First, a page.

A ‘new’ version of ‘Blue Skies’ by Eva Cassidy

Out of the blue a new version of ‘Blue Skies’ by Eva Cassidy appeared. The song could be heard earlier on the album Live at Blues Alley (1996) and later on the extended digitally polished ‘Live at Blues Alley’ edition Nightbird (2015). With this song Eva proved that she could sing jazz alongside all other genres she mastered. The recently released version was recorded at the King of France Tavern at the Maryland Inn in Annapolis a few months earlier (November 1995). Eva Cassidy was accompanied that night by guitarist Keith Grimes, bass player Chris Biondo (who made the recordings on a DAT recorder) and violinist Bruno Nasta.

Chris Biondo and Eva Cassidy

Chris Biondo and Eva Cassidy

In these Maryland Inn-sessions Eva sang more freely than on the Nightbird-recording, probably because she didn’t have to sing over the drums (the space was too small for a drum kit). A good example of ‘less is more’. Striking is the role of the groovy playing Biondo who gives Eva’s voice an extra push into the direction of real swing style. During this concert Chris Biondo also made the recordings of ‘Time After Time’ that ended up on the album of that name in 2002.

Maryland Inn, Annapolis

Maryland Inn, Annapolis

Eva loved to play at the small, homely and intimate Maryland Inn. It was built in 1772 on Drummer’s Lot where the town drummer would cry the daily news. The rules of the old inn are still prominently displayed, “No thieves, fakirs, rogues or tinkers. No skulking loafers or flea-bitten tramps. No slap an’ tickle o’ the wenches. No banging o’ tankards on the tables. No dogs allowed in the kitchen, no cockfighting. Flintlocks, cudgels, daggers and swords to be handed to the innkeeper for safe-keeping. Bed for the night 1 shilling. Stabling for the horse 4 pence.” Eva liked to play there because the audience really listened to her.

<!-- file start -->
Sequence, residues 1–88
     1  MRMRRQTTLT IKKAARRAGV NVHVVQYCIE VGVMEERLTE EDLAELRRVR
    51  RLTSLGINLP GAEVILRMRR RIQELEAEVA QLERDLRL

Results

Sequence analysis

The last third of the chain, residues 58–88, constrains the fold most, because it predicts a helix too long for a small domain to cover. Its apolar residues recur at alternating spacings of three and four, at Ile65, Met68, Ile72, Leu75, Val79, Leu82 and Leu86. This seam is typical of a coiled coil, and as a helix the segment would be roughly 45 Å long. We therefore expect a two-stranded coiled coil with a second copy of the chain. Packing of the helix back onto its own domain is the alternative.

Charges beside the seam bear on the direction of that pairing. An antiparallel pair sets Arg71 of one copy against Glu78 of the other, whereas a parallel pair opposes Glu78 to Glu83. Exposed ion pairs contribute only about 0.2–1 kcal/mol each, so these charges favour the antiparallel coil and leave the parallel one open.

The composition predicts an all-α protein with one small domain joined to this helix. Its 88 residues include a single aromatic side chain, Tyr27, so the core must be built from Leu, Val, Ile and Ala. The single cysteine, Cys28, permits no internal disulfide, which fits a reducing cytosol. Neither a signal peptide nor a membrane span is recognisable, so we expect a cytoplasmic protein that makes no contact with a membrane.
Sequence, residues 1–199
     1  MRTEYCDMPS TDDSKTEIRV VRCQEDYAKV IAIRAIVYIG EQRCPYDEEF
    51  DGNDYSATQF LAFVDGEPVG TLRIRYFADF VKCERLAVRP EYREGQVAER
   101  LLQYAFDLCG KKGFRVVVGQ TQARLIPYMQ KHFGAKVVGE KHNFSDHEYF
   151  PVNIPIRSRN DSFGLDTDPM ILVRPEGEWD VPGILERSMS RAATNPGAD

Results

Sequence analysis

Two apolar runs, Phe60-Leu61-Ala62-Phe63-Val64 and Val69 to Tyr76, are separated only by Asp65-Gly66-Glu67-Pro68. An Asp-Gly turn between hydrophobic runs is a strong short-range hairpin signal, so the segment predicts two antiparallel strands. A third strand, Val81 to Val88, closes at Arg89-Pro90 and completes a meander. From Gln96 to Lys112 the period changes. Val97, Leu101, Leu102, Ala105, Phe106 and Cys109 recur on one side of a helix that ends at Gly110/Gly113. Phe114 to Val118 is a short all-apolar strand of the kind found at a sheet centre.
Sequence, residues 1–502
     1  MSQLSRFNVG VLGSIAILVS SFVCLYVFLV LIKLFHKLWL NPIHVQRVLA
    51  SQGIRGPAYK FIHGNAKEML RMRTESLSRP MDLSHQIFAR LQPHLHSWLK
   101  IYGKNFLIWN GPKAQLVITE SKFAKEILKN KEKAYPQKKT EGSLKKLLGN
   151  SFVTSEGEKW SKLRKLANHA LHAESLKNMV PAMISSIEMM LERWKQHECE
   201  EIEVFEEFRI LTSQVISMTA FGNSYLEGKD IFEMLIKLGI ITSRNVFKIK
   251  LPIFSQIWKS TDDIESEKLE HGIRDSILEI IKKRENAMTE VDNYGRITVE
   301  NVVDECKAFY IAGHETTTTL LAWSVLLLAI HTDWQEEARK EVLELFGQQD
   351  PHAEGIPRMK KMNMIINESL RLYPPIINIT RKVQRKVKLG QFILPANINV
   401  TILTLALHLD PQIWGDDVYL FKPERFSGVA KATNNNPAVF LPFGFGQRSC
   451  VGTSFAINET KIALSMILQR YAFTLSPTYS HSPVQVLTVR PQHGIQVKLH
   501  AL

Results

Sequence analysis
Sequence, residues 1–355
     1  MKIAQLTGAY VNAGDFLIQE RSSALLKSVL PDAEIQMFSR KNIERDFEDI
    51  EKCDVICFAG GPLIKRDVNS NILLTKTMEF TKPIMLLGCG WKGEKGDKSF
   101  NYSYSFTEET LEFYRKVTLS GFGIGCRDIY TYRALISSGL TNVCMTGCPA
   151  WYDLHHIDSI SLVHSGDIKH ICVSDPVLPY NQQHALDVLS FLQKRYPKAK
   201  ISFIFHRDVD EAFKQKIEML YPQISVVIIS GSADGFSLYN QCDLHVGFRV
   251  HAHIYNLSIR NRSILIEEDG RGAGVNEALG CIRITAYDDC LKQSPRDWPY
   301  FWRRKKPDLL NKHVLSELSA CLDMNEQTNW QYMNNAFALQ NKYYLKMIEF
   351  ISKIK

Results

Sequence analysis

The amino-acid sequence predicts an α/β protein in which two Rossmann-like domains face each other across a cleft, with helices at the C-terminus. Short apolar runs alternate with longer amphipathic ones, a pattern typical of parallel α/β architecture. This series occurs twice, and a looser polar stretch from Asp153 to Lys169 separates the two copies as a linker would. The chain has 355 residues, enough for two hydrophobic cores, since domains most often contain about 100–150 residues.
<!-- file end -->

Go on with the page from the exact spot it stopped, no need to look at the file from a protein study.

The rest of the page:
King of France Tavern

King of France Tavern

‘Blue Skies’ was written by Irving Berlin in 1926. The song was composed as a last-minute addition to the Rodgers and Hart musical Betsy. ‘Blue Skies’ was an instant succes. It was recorded many times: The Knickerbockers with vocals by Charles Kaley made it a hit, Al Jolson performed it in The Jazz Singer, Benny Goodman and his Orchestra, Count Basie, Bing Crosby and Danny Kaye in the film White Christmas. Willie Nelson’s ‘Blue Skies’ was a number one country music hit in 1978. Thelonious Monk’s 1947 composition ‘In Walked Bud’ is based on the chord changes to ‘Blue Skies.’ The song was featured in the film Star Trek several times. All these artists made Blue Skies a major western swing and country standard. The lyrics ‘bluebird of happiness’ are a symbol of cheer: ‘Bluebirds singing a song—Nothing but bluebirds all day long.’ The sunny optimism of the lyrics are undercut by the minor key giving the words an ironic feeling.

Blue Skies: https://www.youtube.com/watch?v=HgFspTEIUGo

 

2 responses to “A ‘new’ version of ‘Blue Skies’ by Eva Cassidy”

  1. Gene Johnson says:

    Just listened to this version of this song by the very special Eva. It is special as well. Hope there are more hidden gems locked away. Her music is just the best. We played Over The Rainbow at my father’s service to celebrate his life. The funeral people played it around 3 times. . Its very special to me and others that were there.

  2. Peter Eyles says:

    There are simply not enough superlatives to describe the beautiful music of Eva Cassidy!
    Her voice and vocal range were incredible and she was never driven by money which in itself made Eva a very special lady!
    Miss her badly!🎤🎸🎼🎵😢😢😢😢😢😢😢😢😢😢😢

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